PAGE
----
A board of physicians that acts as gatekeeper to the state’s medical marijuana program rejected a proposal on Monday to add opioid use disorder and withdrawal as a qualifying condition, scrapping one of the country’s first attempts to combat opioid abuse with cannabis and dealing a blow to patients who say the drug blunts withdrawal symptoms.

The nine-person board, made up of Department of Consumer Protection commissioner Michelle Seagull and eight physicians, said that while cannabis anecdotally seemed to help some patients wean themselves from opioid painkillers, they could not disentangle the drug’s effect on withdrawal symptoms from its ability to relieve pain. Absent a larger discussion on whether to treat chronic pain with cannabis, the board ruled against adding opioid withdrawal as a condition that qualifies patients for a marijuana prescription.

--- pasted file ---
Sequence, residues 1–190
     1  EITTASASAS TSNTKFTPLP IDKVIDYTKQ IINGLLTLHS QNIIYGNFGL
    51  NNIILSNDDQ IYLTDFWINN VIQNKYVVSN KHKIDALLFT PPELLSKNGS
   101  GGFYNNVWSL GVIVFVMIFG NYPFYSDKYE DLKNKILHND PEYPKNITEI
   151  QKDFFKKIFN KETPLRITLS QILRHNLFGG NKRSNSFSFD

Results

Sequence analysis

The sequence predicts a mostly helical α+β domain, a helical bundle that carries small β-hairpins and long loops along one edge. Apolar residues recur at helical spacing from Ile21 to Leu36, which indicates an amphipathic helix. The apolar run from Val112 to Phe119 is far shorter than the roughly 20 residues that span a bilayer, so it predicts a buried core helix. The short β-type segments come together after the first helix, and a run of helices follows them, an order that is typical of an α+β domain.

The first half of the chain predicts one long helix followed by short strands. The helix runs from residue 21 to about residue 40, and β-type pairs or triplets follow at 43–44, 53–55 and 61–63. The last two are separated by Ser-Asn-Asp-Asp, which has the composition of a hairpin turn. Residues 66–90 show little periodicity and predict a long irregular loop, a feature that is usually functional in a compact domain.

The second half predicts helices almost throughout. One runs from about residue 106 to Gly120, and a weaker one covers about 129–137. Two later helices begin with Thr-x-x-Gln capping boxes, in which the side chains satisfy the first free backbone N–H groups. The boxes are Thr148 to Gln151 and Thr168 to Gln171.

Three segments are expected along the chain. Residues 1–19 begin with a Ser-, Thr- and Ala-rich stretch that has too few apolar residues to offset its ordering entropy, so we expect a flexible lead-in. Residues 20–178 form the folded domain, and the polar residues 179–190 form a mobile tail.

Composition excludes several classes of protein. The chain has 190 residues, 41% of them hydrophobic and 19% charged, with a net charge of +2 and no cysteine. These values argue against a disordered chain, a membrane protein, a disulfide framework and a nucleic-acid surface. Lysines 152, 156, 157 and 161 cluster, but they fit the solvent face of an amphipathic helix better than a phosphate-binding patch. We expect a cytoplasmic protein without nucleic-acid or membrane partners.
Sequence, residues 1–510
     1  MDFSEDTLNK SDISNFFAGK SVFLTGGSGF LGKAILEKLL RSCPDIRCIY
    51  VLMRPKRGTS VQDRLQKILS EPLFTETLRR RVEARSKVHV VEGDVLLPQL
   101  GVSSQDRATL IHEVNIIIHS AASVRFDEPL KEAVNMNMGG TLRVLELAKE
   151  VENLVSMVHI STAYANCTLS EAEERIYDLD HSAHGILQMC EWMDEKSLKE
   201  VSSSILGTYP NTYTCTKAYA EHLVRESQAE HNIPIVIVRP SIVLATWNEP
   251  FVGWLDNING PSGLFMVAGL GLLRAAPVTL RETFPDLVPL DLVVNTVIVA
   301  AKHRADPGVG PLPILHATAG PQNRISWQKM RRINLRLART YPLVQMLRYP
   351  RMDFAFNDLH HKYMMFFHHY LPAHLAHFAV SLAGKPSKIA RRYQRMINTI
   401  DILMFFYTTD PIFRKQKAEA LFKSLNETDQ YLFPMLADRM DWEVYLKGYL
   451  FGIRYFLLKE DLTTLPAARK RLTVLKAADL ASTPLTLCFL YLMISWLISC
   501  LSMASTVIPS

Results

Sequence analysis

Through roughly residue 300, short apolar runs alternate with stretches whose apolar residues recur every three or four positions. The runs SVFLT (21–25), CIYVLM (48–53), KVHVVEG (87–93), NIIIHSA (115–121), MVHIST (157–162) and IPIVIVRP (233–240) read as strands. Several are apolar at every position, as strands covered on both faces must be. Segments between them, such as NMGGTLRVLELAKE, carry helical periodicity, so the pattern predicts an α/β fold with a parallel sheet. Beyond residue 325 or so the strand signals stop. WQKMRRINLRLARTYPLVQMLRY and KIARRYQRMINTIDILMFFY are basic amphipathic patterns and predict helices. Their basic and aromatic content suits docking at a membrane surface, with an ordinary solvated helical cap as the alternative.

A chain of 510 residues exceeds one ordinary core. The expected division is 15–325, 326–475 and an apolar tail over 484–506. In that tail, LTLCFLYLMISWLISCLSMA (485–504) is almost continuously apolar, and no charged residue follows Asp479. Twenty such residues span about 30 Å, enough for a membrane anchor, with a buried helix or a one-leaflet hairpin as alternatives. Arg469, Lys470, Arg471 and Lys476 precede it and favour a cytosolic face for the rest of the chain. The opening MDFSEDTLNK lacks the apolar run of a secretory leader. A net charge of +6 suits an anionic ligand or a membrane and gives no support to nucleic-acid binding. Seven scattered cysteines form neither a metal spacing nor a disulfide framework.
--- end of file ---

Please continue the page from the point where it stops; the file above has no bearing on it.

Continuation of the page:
Connecticut’s medical marijuana program today has 12 times the patients as when it began four years ago. While the increase is an index of its success, dispensary owners and patients say it has also caused shortages and inconsistencies that undermine the state’s goal of running a program as well-oiled…

Had it been approved, Connecticut would have been just the third state after New Jersey and Pennsylvania to sanction cannabis as a treatment for opioid addiction. But several board members said the research simply wasn’t there to support one of the more unorthodox proposals to fight the country’s runaway opioid crisis.

“In terms of curtailing cravings, we just don’t have the evidence,” said Jonathan Kost, director of Hartford Hospital’s pain treatment center. “It’s just too open; it’s just too unknown.”

Vincent Carlesi, a Stamford pain management specialist, said he’d seen some of his patients with other conditions qualifying them for medical marijuana use the drug to whittle down their opioid intake. But Carlesi

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